And Cyrus is, too. They go to the beach most days after school, so he can feed the ducks at the Wilderness Lake. “He can go to the park by himself as it’s safer, and we are going to take up surfing and riding soon.”
The move has not been without its challenges though. “Leaving our allotment and moving away from our dear friends in Bristol has been hard. We miss them a lot. It’s only an hour and 10 minutes to Bristol on the motorway, but it’s not the same as inviting someone to pop by for a bite to eat at short notice, or going to the local Bristol pub to happen upon a great gig.”
Thankfully, friends have already been to visit. “We haven’t even been here two months yet so we will find our feet,” says Wardle.
The health impacts of air pollution are becoming increasingly hard to ignore. In recent months, it’s been linked to miscarriage, baldness and memory loss. And while exposure to illegal levels is doing serious long-term damage to public health, children, especially, are vulnerable as their bodies are still developing.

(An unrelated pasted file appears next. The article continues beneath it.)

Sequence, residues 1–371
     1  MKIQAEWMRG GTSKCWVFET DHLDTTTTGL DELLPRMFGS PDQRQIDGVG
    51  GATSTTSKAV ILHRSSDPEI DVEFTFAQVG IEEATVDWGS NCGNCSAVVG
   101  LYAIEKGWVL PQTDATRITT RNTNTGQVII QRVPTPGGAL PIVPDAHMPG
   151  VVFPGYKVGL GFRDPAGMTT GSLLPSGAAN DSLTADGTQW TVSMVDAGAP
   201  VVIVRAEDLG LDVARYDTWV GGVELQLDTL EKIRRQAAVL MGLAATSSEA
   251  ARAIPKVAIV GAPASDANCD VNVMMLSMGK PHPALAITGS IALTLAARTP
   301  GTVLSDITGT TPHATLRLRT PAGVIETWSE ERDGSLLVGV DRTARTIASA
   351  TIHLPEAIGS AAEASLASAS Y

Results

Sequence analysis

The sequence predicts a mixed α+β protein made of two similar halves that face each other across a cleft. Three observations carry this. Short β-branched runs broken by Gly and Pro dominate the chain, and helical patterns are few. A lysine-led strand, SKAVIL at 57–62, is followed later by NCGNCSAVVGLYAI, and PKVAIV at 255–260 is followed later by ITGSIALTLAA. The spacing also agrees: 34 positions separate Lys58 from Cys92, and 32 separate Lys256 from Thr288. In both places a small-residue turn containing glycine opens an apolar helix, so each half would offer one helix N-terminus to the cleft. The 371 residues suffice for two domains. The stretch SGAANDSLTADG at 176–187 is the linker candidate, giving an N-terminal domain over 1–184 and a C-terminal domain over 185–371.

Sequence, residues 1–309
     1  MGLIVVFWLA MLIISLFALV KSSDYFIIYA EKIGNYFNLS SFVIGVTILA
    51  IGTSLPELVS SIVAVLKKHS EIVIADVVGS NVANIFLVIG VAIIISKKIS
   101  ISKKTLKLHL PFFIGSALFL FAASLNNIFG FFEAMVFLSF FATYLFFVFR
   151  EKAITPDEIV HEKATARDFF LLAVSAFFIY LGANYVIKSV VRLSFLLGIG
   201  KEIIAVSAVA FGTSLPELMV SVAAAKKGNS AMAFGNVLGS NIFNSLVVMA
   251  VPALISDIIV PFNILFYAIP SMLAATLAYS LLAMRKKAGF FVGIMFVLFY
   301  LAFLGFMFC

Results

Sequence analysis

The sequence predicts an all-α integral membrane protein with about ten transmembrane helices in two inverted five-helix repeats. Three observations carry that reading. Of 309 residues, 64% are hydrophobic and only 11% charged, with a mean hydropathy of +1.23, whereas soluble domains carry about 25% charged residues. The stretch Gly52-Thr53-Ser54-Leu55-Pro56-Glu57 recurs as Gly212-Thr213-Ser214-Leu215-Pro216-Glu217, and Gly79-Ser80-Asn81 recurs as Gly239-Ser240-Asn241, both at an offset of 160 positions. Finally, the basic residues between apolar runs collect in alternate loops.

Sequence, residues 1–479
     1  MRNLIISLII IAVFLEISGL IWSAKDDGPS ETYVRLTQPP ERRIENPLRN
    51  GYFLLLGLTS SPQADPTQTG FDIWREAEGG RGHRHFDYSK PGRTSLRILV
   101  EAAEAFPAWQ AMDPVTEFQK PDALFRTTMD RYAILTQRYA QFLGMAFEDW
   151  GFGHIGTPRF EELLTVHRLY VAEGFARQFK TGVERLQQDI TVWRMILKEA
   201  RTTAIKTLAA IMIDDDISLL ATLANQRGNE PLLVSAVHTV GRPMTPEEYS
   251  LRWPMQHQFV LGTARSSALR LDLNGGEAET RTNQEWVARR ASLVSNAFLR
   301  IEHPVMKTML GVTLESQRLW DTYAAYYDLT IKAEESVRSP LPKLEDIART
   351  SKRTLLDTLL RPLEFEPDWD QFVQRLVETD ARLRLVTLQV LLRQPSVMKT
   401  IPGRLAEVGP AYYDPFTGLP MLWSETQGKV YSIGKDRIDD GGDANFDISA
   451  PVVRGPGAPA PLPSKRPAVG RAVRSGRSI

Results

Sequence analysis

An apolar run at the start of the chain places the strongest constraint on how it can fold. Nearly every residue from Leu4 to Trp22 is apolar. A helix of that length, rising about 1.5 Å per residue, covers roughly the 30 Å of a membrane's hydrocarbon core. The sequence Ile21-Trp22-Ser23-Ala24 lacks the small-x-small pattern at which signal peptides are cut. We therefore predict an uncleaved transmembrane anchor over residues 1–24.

Research by the Cardiff University School of Medicine shows bad air quality is linked to an increased risk of death in babies. The study of nearly eight million live births showed that three air pollutants – particulate matter (PM10), nitrogen dioxide (NO2) and sulphur dioxide (SO2) – separately and together are associated with a 20-50% increased risk of death for babies born in the most polluted areas, compared with those born in the least polluted areas.
And a separate study of nearly 14,000 children by the European Lung Foundation found air pollution from road traffic was associated with reductions in children’s lung functions as early as the first trimester of pregnancy. So it’s no surprise families are taking action – moving their children out of cities in favour for cleaner, greener air.
“Breathing is the most basic human function required to sustain life,” said Professor Jørgen Vestbo from the University of Manchester. “Lots of previous research has shown that in the long term, outdoor air pollution can reduce life expectancy, affect lung development, increase asthma incidence and lead to other chronic respiratory diseases. We cannot give up the fight for the right to breathe clean air.”